1. The opportunity to grow food and drink exports faster.
Around 60% of UK farmers voted to leave the EU, citing its red tape on farming as their main reason. These include the impending ban on glyphosate, which is the preferred herbicide of UK farmers, as well as the Union’s ban on GMO crops. Without these, farmers will be able to grow their crops using their preferred methods.

2. However, leaving the EU could result in higher tariffs and trade barriers between the UK and the EU. What future trading arrangements would look like isn’t clear yet. According to Gary Kushner of Hogan Lovells LLP, the following scenarios are possible:
• EEA (European Economic Area) – like arrangement with the EU (e.g., Norway)
• Bilateral agreements with the EU (e.g., Switzerland) or (should no trading arrangement with the EU be agreed) The UK could be subject to tariffs that the EU applies to all other World Trade Organisation (WTO) members (30% tariff on sugars and confectionery, 20% on tobacco and beverages, 10% on fruit and vegetables, for example).
3. Moreover, food and drink sector could face potential supply chain disruptions.
Richard Morawetz, senior credit officer at Moody’s, said food companies that sourced and manufactured their goods locally would not be as affected as those that relied on imports. Major retailers such as Tesco, Morrisons, Marks & Spencer and Next, are focused on British sales, but their supply chains could be affected if the UK were to impose import tariffs on EU suppliers.

4. Food retailers and restaurants may be hit by higher wages.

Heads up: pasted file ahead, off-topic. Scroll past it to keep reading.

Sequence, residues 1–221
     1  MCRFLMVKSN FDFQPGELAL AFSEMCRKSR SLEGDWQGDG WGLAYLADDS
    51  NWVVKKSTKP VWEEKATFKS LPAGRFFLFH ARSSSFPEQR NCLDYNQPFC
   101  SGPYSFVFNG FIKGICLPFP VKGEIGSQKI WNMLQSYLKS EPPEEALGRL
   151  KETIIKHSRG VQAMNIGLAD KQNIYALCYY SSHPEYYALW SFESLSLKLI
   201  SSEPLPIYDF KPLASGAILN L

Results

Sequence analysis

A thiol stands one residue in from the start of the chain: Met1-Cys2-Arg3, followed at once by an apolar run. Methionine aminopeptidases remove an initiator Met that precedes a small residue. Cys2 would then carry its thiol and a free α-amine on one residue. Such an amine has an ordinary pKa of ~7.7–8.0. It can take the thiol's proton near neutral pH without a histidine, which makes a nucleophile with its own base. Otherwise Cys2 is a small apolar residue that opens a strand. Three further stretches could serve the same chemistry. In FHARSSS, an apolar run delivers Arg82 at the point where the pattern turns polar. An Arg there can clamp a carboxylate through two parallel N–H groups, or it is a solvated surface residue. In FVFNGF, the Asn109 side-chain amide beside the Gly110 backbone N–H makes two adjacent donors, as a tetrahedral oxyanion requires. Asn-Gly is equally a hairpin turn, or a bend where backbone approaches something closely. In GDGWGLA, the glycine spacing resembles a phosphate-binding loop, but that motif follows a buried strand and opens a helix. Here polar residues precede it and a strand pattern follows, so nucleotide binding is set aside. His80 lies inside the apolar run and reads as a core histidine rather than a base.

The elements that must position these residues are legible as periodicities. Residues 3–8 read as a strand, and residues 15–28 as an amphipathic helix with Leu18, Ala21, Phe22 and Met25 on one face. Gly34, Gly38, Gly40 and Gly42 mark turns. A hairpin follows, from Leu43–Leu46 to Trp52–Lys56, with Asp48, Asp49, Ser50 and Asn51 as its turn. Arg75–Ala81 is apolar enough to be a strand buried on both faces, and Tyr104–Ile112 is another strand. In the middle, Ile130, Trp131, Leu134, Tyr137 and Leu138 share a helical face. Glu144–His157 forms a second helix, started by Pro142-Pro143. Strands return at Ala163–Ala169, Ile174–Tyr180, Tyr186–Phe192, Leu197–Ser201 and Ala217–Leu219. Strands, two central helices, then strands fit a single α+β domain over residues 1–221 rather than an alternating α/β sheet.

Many food businesses run on immigrant staff, so the decision may curb their ability to recruit staff at lower wages from other European countries. Businesses that have had problems meeting their recruitment needs in the UK may also be hit. Food manufacturers and restaurants have the highest share of foreign-born workers, according to the Migration Observatory at the University of Oxford.

5. The food industry may benefit more from scientific advances in the UK.
The EU’s so-called scepticism of science has hampered progress in the UK food industry, according to Owen Paterson, leading Brexit campaigner and former secretary of state for Environment, Food and Rural Affairs. The decision will allow the UK to weigh both risks and benefits of new technology without being hampered by existing technologies in the EU.

The Insurance market in China


The growth of the financial products is growing in China and the regulation, as I understand is changing.

There is a growing need for a well-governed brand that links the economies in the West with that in the East in this space – and there are structures that can implemented here to add value in China.

Below are some points on China’s Insurance market:

  • China’s insurance industry has been something to behold. Assets managed by insurers have doubled in less than four years to 13.9 trillion yuan ($2.1 trillion). Their revenues from selling policies have accelerated, climbing 42% year-on-year in the first quarter of 2016.